Wade Goodwyn, NPR

Wade Goodwyn is an NPR National Desk Correspondent covering Texas and the surrounding states.

Reporting for NPR since 1991, Goodwyn has covered a wide range of issues, including politics, economics, Texas's vibrant music industry, tornado disasters in Oklahoma, and breaking news. Based out of Dallas, Goodwyn has been placed in the center of coverage on the killing of five police officers in Dallas in 2016, as well as the bombing of the federal building in Oklahoma City, and hurricanes in nearby states.

Even though he is a journalist, Goodwyn really considers himself a storyteller. He grew up in a Southern tradition of telling good stories, and he thinks radio is a perfect medium for it. After college, he first worked as a political organizer in New York, but frequently listening to WNYC led him to wanting a job as an NPR reporter.

Now, listeners recognize Goodwyn's compelling writing just as much as his voice. Goodwyn is known for his deep, "Texas timbre" and colorful, descriptive phrases in the stories he files for NPR.

Goodwyn is a graduate of the University of Texas with a degree in history. He lives in Dallas with his wife and daughters.

If you arrived at Beto O'Rourke's recent town hall meeting in San Antonio even 40 minutes ahead of time, you were out of luck. All 650 seats were already taken.

It was one sign that the El Paso Democratic congressman has set Texas Democrats on fire this year, as he takes on Republican Sen. Ted Cruz's re-election bid.

Texas Democrats have been wandering in the electoral wilderness for two decades — 1994 was the last time they won a statewide race — but at O'Rourke's events, they have been showing up in droves. Often, it's standing room only.

The rain's coming in sheets as folks file into the Douglas Community Center in Pittsburg, Texas, population 4,707.

The organizers of an event for Democratic Senate candidate Beto O'Rourke have set out 50 chairs, but they're worried now that's going to be too many. But by the time the candidate bounces through the door, they're unfolding dozens more chairs as the crowd zooms past 100.

At an event Wednesday night, Texas Sen. Ted Cruz was met by about 150 protesters who oppose the Senate's efforts to repeal and replace the Affordable Care Act. On a hot evening, they stood outside a hotel in McKinney, a north Dallas suburb, shouting "shame on Ted" and "save Medicaid."

The by-invitation, town hall-style event was held one day after the senator's appearance in McAllen was disrupted by protesters concerned about health care as well as immigration.

Arguments over Confederate statuary and flags rage on across the South. Confederate memorials in Norfolk and St. Louis were vandalized, the small town of Brandenburg, Ky. welcomed a Confederate statue that the University of Louisville had taken down and New Orleans has now removed four monuments.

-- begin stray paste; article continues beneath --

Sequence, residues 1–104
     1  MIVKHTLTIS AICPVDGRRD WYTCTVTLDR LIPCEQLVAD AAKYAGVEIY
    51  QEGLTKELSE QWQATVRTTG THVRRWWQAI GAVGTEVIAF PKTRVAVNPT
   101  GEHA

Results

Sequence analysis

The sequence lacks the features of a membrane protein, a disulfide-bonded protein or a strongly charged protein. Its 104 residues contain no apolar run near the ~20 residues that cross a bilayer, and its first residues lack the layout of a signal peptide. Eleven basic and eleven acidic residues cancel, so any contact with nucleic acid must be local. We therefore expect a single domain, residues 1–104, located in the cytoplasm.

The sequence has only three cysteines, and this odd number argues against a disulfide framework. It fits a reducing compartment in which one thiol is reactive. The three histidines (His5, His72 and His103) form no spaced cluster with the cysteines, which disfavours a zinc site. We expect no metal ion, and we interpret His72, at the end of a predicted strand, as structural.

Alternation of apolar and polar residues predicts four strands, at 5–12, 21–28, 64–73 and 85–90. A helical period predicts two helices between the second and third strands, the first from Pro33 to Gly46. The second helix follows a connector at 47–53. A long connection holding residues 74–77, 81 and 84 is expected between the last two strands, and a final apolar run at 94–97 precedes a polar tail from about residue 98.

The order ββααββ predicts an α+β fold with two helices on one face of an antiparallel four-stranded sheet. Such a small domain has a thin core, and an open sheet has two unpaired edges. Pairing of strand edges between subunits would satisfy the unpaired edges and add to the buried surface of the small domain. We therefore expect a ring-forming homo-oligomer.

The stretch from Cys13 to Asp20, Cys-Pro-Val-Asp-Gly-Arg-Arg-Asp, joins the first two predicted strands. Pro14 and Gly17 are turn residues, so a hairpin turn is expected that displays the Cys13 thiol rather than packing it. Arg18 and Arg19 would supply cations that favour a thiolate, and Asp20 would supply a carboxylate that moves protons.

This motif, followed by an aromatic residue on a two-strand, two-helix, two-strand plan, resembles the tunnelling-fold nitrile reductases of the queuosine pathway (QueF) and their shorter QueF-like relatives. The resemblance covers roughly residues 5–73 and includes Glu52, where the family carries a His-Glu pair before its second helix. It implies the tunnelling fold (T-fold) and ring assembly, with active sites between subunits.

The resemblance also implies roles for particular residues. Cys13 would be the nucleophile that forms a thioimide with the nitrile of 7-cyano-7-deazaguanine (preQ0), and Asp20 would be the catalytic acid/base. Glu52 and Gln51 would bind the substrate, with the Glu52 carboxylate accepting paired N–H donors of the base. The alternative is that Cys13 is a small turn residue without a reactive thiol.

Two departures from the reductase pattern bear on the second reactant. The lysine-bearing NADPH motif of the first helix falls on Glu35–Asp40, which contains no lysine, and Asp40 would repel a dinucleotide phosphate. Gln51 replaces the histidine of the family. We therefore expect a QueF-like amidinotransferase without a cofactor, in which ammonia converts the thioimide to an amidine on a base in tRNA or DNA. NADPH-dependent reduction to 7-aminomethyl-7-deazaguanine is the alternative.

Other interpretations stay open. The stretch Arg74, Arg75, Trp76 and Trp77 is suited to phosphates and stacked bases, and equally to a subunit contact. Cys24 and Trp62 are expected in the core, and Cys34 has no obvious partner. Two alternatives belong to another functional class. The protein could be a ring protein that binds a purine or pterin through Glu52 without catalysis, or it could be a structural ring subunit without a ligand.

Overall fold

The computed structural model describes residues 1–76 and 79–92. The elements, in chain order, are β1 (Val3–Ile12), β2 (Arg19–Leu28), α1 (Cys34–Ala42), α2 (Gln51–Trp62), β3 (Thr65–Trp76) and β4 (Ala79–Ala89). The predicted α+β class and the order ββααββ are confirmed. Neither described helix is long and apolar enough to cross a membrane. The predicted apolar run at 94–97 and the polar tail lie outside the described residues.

Kristen Hotopp stands in the front yard of her well-worn East Austin home, where she has lived for the past 17 years. She points across the street at an attractive, nearly new, two-story home — by far the nicest on the block.

"There are two units on this lot," Hotopp says. "There's a house in the back that's smaller and a house upfront. We're getting investors descending upon the area and buying up a lot of these properties."

Texas could soon follow in the footsteps of Indiana and North Carolina and pass its own "bathroom bill" in the upcoming legislative session. Lt. Gov. Dan Patrick has made passage of such a bill, which could require transgender Texans to use the restroom which corresponds to the gender on their birth certificate, a priority.

Last year, the Texas legislature approved a $350 million cut in Medicaid reimbursement rates to early childhood intervention therapists and providers. The cuts, made to help balance a billion dollars in property tax relief, affect the most vulnerable Texas children — those born extremely prematurely or with Down syndrome or other genetic conditions that put them at risk for developmental delay.

It's been almost a month since Micah Xavier Johnson murdered five Dallas police officers and wounded 11 other people following a protest march. In the days that followed, the city's white mayor, Mike Rawlings, and black police chief, David Brown, appeared together openly grieving, offering words of consolation and praising the bravery of their officers.

For the past five years, the Texas Legislature has done everything in its power to defund Planned Parenthood. But it's not so easy to target that organization without hurting family planning clinics around the state generally.

Of the 82 clinics that have closed, only a third were Planned Parenthood.